Seven Ways to Keep Your Heart Healthy

Seven Ways to Keep Your Heart Healthy
Coronary artery disease (CAD) is the most common type of heart disease. According to the CDC, heart disease is the leading cause of death among both men and women. It is also reported that about half of Americans (47% ) have at least one of these three risk factors – high blood pressure, high cholesterol, and smoking for heart disease. Adopting a healthy lifestyle can reduce heart diseases to a great extent.

Here are 7 ways to keep your heart healthy:

  1. Exercise regularly and stay active – Regular physical activities can reduce the risk of developing high blood pressure, improve cholesterol levels and help prevent heart disease. Make sure that you exercise at least 30 minutes each day, five days a week. Also try strength training exercises on two or more days a week. Activities such as gardening, housekeeping, taking the stairs, and walking the dog can also keep your active and stay fit.
  2. Keep blood pressure levels in check – High blood pressure (BP) is dangerous and referred to as a “silent killer”. If you fail to monitor and control your BP, the condition will damage your blood vessels and increase your risk for heart attack, stroke, and other serious conditions. Stressful emotions can add pressure to your heart. Instead of smoking or drinking to avoid stress, consider relaxation exercises or meditation.
  3. Maintain a healthy weight – Being overweight increases your risk of heart disease. Calculate your body mass index (BMI) and take steps to reduce weight. Ask your doctor what your weight should be and how to get there. Exercise and a good diet can help you reach your ideal weight.
  4. Follow a healthy diet – Eating a healthy diet can help prevent cardiovascular diseases. Add plenty of fruits and veggies, grains, and foods high in omega-3 fatty acids to your diet. Make sure to include nutrient-rich foods — which have vitamins, minerals, fiber and other nutrients but are lower in calories. Reduce intake of salt, saturated fats, sweets, and red meats.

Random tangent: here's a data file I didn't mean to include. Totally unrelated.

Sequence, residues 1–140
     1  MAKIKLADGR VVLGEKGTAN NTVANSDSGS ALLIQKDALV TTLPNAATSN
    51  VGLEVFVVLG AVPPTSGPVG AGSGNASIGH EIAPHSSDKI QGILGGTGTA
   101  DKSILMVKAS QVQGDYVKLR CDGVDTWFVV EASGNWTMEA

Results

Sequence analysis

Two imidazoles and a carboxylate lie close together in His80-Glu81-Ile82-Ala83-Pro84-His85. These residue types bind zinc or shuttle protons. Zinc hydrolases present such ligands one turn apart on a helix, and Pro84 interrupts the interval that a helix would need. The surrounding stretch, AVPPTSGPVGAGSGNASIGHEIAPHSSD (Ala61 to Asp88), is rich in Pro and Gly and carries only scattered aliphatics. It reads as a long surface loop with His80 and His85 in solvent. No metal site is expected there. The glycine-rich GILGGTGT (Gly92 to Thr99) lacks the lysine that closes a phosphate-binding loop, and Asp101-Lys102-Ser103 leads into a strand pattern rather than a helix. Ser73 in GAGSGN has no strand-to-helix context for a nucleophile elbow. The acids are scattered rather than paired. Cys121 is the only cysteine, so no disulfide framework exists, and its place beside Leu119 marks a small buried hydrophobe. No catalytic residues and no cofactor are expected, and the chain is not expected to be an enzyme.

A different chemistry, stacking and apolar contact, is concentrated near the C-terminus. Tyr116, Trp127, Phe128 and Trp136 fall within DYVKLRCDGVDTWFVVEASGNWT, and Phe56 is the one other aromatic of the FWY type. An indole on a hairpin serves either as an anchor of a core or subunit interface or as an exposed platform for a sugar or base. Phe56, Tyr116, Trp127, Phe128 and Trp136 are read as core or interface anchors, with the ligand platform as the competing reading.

5. Control cholesterol and diabetes – Get regular health screenings to check your cholesterol and diabetes levels. Since Type 2 diabetes as well as high cholesterol levels are risk factors for heart disease, monitor them to lower the risk of heart disease. While LDL cholesterol is bad for the heart, HDL can protect you from heart disease. Work with your doctor to control your blood sugar levels.
  6. Stop smoking – Smoking or using tobacco by any means is a significant risk factor for developing heart disease. Chemicals in tobacco can damage your heart and blood vessels, leading to further consequences. Take care to avoid secondhand smoke and e-cigarettes. Try established smoking cessation options such as nicotine replacement patches, gums or smoking cessation medications.
  7. Get enough sleep – Lack of sleep can harm your health. Getting quality sleep reduces adrenaline and cortisol levels and reduces risk of heart disease. Make sure get at least seven hours sleep a night. Schedule a time to go to bed and to wake up and follow these timings. This will help your heart stay healthy and keeps you fresh throughout the day.